A daycare worker in Port Orchard is being accused of child molestation. While the charges are severe and carry heavy penalties, they fall outside the purview of Washington's domestic violence laws because they do not involve a “family or household member,” and so do not warrant the extra protections that those laws offer victims.
Domestic violence defense lawyer Steve Karimi explains why this is the case.
Daycare Worker Charged With Child Molestation
The allegations surround a daycare center run by a husband and wife out of their home in Port Orchard.
According to initial reports, one of the children at the daycare told her parents what the 58-year-old husband did, and that it happened more than once. When the wife running the daycare heard about the rumors, she scheduled a counseling session with a therapist for herself and her husband. What the therapist heard during the counseling session required them to notify the police.
The husband is now facing criminal charges for rape and child molestation in the first degree.
Penalties for Class A Felonies in Washington
Both of the allegations that the husband is facing are Class A felonies. This means that a conviction on either one can end with a fine of up to $50,000 and a jail sentence with no fixed maximum – a life sentence is possible.
Allegations Fall Outside the Realm of Domestic Violence
The allegations that the husband is facing, though, fall outside the realm of domestic violence because crimes of domestic violence have to involve a purported victim who is a “family or household member” of the defendant, as defined by RCW 10.99.020(3). This limitation draws a line around the types of relationship that a defendant has to have to the alleged victim in order to trigger the additional repercussions of a domestic violence offense, which are meant to prevent the closeness of the relationship from leading to further harm.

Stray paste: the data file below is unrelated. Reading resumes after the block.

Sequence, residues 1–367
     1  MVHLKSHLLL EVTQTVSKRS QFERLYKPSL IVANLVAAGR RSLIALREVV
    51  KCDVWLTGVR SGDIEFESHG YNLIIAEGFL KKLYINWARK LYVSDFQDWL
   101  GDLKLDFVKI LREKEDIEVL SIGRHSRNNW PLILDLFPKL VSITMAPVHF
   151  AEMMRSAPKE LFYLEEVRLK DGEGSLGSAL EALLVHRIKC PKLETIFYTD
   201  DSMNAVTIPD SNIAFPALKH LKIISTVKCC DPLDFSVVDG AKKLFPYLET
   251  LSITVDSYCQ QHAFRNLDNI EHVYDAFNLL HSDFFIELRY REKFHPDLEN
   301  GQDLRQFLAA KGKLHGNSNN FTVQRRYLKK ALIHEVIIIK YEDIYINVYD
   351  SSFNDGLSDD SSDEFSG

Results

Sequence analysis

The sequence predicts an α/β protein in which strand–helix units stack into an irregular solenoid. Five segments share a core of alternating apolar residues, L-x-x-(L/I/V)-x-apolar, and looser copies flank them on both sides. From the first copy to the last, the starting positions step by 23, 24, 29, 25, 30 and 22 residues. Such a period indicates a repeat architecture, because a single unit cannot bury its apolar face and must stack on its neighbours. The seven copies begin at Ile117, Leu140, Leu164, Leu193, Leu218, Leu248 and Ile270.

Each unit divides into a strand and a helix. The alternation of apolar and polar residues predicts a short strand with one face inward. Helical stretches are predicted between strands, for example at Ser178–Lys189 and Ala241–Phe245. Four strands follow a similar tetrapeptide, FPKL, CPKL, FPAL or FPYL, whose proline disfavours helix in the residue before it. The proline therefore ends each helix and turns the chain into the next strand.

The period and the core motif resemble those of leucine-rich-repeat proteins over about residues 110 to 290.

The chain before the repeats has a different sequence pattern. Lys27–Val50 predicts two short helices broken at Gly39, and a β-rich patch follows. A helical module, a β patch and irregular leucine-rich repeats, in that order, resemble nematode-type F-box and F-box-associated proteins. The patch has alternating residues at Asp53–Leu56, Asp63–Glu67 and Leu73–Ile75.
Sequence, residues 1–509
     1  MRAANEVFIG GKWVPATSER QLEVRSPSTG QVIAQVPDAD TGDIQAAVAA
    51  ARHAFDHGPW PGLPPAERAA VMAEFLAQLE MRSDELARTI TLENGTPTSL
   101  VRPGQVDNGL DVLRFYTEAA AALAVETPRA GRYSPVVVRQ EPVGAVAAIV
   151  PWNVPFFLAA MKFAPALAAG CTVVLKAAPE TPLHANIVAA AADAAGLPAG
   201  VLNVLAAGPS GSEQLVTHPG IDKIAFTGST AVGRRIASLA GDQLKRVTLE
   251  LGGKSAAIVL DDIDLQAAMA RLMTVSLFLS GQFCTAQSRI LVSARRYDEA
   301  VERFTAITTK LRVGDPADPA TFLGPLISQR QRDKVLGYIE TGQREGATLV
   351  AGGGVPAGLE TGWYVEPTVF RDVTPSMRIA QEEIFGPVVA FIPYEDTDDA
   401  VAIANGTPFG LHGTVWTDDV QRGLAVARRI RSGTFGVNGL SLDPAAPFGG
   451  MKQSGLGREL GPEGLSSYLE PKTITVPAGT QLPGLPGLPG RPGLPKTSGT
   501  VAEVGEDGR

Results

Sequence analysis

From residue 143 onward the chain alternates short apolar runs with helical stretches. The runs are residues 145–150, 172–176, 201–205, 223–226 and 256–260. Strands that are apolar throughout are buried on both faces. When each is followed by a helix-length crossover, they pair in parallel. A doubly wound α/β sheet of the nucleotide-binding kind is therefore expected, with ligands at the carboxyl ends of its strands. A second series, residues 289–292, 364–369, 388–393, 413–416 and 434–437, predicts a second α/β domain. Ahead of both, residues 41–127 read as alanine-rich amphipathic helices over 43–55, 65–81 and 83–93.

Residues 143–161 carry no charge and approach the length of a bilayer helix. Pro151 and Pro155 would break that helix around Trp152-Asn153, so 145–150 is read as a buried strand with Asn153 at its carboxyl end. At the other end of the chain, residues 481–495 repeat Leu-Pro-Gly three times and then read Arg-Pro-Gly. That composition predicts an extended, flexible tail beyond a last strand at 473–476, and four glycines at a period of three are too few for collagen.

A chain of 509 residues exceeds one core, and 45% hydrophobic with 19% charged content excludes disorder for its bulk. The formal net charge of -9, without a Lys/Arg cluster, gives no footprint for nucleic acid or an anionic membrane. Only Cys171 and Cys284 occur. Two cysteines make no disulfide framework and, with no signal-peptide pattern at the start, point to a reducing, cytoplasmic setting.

The types of relationships that make someone a “family or household member” of the defendant include any of the following.
- Current and former spouses.
- Parents of a particular child.
- Adults related to each other by blood or marriage.
- Adults who currently live together, or who used to live together.
- People over 16 who have dated and who live together or used to live together.
- A biological or legal parent-child relationship.
The point behind limiting domestic violence offenses to these types of relationships is that the people in these kinds of relationships have only a limited ability to avoid the person they are accusing of domestic violence. Alleged victims who are not in these close relationships would not benefit from the mandatory arrests and restraining orders that domestic violence accusations can quickly lead to.
Steve Karimi Defends Those Accused of Domestic Violence in Seattle
Domestic violence laws offer purported victims lots of protections – all of them at the expense of the person they are accusing. When allegations, even very serious ones, involve someone who is not a family or household member, those protections would do far more harm than good.
If you have been accused of domestic violence in Seattle, reach out to defense lawyer Steve Karimi. Contact him online or call his law office at (206) 621-8777.